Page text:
# Baric algebra

weighted algebra

In 1939, in connection with the formalism of genetics, I.M.H. Etherington introduced the notion of baric algebra (cf. [a1]; more commonly it is also called a weighted algebra). If is a (commutative) field and a -algebra, not necessarily commutative or associative, one says that is a weighted algebra if there exists an algebra morphism which is non-trivial. This means that one can write , where is a convenient element of . The morphism is called the weight function of and one can regard a weighted algebra as a pair where is an algebra and the weight function. A morphism of weighted algebras is a morphism of algebras such that . This gives a category, the category of weighted algebras. All constructions on weighted algebras are made in this category. For a finite-dimensional -algebra , the following conditions are equivalent:

i) is a weighted algebra;

ii) there exists a finite basis of over such that if ( ) is the multiplication table of in this basis (the scalars ( ) are the structure constants of ), then ( );

iii) there exists a two-sided ideal of , of codimension one, such that .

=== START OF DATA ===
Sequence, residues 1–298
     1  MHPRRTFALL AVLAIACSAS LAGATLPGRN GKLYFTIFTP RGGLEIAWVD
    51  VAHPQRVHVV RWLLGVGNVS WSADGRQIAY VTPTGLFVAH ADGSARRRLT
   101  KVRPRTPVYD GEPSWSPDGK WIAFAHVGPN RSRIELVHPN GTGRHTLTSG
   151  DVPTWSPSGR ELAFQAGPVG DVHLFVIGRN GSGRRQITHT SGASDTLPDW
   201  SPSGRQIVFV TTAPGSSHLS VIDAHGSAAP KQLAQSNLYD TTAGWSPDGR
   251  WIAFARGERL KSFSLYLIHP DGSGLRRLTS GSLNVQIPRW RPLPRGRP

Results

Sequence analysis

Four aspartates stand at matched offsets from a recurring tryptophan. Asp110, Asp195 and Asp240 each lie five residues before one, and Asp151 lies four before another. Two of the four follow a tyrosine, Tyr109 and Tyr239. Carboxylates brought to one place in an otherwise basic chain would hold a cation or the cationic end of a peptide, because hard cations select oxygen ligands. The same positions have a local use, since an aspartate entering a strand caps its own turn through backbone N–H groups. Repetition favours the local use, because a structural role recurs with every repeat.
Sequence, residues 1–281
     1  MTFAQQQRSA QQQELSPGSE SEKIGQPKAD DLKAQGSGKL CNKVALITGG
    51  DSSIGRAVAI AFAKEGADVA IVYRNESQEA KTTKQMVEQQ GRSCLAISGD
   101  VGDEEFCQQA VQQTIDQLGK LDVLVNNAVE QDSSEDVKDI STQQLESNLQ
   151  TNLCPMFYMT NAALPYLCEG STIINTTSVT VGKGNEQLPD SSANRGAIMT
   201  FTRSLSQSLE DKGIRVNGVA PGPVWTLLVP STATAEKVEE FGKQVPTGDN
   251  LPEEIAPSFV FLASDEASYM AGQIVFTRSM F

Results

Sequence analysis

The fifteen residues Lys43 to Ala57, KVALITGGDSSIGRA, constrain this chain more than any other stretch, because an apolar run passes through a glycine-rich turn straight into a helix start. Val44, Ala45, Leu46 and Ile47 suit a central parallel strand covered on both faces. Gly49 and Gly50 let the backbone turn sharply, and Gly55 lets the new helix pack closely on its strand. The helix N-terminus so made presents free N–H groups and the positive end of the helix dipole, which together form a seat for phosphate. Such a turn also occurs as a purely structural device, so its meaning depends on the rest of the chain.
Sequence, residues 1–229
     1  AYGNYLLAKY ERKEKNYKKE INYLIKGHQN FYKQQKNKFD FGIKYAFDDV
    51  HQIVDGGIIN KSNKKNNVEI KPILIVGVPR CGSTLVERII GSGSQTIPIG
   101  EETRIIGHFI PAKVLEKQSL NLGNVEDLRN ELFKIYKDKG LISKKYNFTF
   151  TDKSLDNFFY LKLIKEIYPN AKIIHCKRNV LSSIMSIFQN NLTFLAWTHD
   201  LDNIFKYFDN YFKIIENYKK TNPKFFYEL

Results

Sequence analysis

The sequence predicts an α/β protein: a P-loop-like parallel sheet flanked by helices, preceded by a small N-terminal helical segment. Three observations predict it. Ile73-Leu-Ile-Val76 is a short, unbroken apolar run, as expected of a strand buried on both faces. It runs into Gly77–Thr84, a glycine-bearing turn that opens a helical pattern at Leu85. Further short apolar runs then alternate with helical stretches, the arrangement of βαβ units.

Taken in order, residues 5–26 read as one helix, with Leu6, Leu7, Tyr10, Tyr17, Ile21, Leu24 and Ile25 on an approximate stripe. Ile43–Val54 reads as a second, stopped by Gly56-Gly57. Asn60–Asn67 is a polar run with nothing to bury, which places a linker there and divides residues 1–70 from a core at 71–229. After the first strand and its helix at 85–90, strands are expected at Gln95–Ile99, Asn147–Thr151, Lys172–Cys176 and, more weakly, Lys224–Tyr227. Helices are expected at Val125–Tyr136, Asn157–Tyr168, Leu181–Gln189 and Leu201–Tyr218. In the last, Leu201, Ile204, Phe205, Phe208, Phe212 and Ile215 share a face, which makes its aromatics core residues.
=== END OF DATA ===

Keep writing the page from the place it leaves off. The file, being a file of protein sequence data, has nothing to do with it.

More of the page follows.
It is easy to see that a Lie algebra is not weighted; however, over any weighted algebra one can define a Lie algebra structure via the multiplication (bracket) for all . A Jordan algebra may or may not be weighted; however, over any weighted algebra one can define a Jordan algebra structure via the multiplication for all . A weighted algebra is not necessarily associative (cf. Associative rings and algebras); however, over any weighted algebra with a unit one can define an associative algebra structure via the multiplication for all . A Clifford algebra is not weighted; in particular, the algebra of complex numbers and the algebra of quaternions are not weighted. All Bernstein algebras are weighted (cf. Bernstein algebra).

How to Cite This Entry:
Baric algebra. Encyclopedia of Mathematics. URL: http://encyclopediaofmath.org/index.php?title=Baric_algebra&oldid=45325
This article was adapted from an original article by A. Micali (originator), which appeared in Encyclopedia of Mathematics - ISBN 1402006098. See original article